Maybe we can get even more local in East Devon …..
Wildlife Trusts, Natural England, RSPB join together to press for wildlife conservation:
After boasting to the Parliamentary Select Committee on voter engagement that his way of tracking down missing voters was far superior to the required door to door canvassing done everywhere else (by telephoning missing voters instead – always assuming you know their landline or mobile numbers) Mark Williams has now recruited a large team of canvassers to do the job.
Wonder what caused the change …..!
Summary: Lots of secret items and lots of money to be thrown at increasing the size of Cranbrook and lots of words but not much action in Seaton and Exmouth
Gunpowder, treason and plot?
… which raises many more questions than it answers:
and simply “noting” this report at an Overview and Scrutiny meeting is disgraceful.
Our Overview and Scrutiny Committee – not so much a toothless tiger as a toothless teddy bear.
… which leaves one wondering which stores will feel the need to be in Cranbrook too when they will be a short car/bus ride away
Devon CCG says that community hospitals must be closed because they are in deficit.
A look at their annual report for 2014 is illuminating. Whereas salaries appear reasonable (e.g. Chief Executive £130-135,000 per year when perks are added in it is a different story (see page 29 of cited report)
Chief Executive: salary £130,000 – £135,000
With pension etc £275,000 – £280,000
Chairman: salary £80,000 – £85,000
With benefits: £200,000 – £205,000
Locality Managing Directors: salary £100,000 – £105,000
With benefits: £145,000 – £150,000
In a world where most employees get minimal contributions towards their pensions how on earth can doubling up on salary be justified?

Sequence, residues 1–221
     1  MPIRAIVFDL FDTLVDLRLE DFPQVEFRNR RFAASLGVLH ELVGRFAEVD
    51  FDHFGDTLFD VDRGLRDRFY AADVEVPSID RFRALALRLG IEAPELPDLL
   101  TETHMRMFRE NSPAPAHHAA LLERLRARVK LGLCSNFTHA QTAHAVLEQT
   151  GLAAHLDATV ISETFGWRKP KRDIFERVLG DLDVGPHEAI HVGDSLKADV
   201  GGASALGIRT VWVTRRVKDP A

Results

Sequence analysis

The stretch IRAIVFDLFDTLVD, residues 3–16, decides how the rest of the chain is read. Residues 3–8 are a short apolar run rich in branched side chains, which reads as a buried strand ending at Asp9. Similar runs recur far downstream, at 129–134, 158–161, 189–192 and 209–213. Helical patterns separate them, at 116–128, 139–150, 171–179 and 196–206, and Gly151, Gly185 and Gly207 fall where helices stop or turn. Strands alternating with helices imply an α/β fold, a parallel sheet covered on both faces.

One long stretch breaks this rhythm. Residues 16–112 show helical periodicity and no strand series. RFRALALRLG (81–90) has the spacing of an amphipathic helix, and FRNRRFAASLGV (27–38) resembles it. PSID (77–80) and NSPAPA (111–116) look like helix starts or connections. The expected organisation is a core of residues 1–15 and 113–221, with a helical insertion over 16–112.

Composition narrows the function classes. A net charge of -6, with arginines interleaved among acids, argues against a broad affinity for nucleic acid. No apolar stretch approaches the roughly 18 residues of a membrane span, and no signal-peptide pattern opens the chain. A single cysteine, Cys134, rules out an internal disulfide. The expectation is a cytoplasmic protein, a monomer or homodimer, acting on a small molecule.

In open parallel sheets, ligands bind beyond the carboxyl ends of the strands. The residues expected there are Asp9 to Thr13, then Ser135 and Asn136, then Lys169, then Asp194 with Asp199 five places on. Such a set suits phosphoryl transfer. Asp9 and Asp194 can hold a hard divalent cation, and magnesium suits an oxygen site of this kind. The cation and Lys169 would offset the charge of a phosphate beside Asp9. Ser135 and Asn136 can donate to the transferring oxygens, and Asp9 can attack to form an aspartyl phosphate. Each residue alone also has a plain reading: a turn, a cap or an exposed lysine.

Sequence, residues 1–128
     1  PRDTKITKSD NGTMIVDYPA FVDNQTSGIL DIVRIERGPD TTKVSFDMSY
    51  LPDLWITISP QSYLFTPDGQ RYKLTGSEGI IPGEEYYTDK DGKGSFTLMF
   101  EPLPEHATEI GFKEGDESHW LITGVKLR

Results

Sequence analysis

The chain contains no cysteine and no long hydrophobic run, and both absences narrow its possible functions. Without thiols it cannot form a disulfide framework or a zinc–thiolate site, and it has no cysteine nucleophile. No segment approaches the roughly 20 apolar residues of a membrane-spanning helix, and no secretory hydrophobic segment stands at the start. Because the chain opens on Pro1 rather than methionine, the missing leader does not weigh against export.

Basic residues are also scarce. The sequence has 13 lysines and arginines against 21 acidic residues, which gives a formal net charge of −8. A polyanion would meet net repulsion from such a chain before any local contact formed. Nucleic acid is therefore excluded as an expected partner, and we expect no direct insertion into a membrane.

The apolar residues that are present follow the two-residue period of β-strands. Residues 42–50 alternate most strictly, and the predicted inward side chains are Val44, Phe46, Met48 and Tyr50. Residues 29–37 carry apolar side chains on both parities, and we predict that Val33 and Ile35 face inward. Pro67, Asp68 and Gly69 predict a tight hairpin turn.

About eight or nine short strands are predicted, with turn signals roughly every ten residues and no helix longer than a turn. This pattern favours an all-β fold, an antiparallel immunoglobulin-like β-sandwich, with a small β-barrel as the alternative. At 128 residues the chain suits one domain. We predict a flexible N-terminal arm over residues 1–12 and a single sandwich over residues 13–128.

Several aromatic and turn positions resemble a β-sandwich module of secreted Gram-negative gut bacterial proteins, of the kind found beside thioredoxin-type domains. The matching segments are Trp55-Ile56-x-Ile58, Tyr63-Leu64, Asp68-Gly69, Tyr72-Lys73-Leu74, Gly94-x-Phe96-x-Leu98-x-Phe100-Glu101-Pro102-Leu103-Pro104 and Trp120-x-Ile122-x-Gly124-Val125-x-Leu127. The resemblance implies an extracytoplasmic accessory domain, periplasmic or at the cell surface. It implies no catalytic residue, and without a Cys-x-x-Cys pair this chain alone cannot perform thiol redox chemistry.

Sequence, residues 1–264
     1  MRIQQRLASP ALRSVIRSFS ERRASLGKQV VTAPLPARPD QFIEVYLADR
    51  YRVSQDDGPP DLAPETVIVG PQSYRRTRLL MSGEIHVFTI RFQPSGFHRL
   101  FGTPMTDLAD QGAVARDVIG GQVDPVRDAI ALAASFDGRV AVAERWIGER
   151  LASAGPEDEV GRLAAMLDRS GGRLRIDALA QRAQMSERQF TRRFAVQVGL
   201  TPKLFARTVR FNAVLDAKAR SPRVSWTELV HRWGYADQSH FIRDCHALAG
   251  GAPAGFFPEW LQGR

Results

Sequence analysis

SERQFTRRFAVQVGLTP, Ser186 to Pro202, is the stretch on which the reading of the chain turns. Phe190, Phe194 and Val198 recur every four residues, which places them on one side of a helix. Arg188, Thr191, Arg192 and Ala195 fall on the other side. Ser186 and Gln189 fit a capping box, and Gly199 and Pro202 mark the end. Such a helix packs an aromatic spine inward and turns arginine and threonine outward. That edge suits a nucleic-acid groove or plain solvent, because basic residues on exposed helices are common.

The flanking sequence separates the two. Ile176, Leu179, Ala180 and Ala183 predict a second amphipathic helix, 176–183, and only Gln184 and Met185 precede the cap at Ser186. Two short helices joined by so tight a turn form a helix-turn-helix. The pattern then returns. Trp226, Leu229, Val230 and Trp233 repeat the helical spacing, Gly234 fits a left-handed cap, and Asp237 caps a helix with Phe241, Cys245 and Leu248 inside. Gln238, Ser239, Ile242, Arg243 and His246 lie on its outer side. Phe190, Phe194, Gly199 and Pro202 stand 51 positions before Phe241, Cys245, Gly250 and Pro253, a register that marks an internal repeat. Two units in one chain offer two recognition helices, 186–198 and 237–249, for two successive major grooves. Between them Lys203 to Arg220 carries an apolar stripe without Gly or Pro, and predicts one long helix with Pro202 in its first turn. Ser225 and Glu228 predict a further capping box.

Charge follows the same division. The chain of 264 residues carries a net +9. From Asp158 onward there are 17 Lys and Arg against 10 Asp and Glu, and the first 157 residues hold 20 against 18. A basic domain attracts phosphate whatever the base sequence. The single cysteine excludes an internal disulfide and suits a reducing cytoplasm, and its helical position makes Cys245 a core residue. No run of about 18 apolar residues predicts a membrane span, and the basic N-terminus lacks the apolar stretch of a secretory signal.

Using the government’s own workplace pension contribution calculator a salary of £135,000 shows an employer contribution of £36,000.
Yes, most of us have realised that. Why was it ok for one developer and not for another?
Of course, a re-convening of the EDDC wokring group that was supposed to look into the relationship between the council and the East Devon Business Forum might well have answered such questions ….. yet another reason why it remains in the long grass …
Here’s the e-mail sent on Tuesday this week (27 October), to an EDA correspondent, from the 38 degrees team:
‘Last night (Monday 27 Oct) your MP, Hugo Swire voted the wrong way. 
Yesterday, MPs voted on whether to give voters the power to sack misbehaving MPs.  The majority voted no, choosing to stick with the government’s recall law that takes this power out of our hands.
Days like these can be pretty disheartening. They remind us there’s a huge gap between the political system we want and the political system we have.
This won’t be the last opportunity MPs have to vote on this. It could technically be possible to get the changes we want. But, to be honest, it’s pretty unlikely. Not enough MPs are convinced that voters should decide when and why an MP gets sacked.
If you’d like to email your MP, Hugo Swire, and ask him why he voted against giving voters more power, please click here:
If you email your MP, you’ll notice that the candidates standing against them at the next election (if they have any yet!) will be copied in. This is important because it’ll show them the sort of things that voters in your area care about.
There are several options for next steps on our campaign. But for today, it feels right to pause and take stock of how far we’ve come. Together, we’ve convinced a huge chunk of MPs that voters should have the power over whether to sack MPs. Sadly, this time it wasn’t enough.
We’ve come along way on this campaign. But if there’s one thing this vote shows us, it’s that we’ve got a hell of a job to do! Although it’s an uphill struggle sometimes, this one vote isn’t enough to stop us.’
PS: If you’d like to read more about the vote, and take part in the discussions about what 38degrees does next, please click here: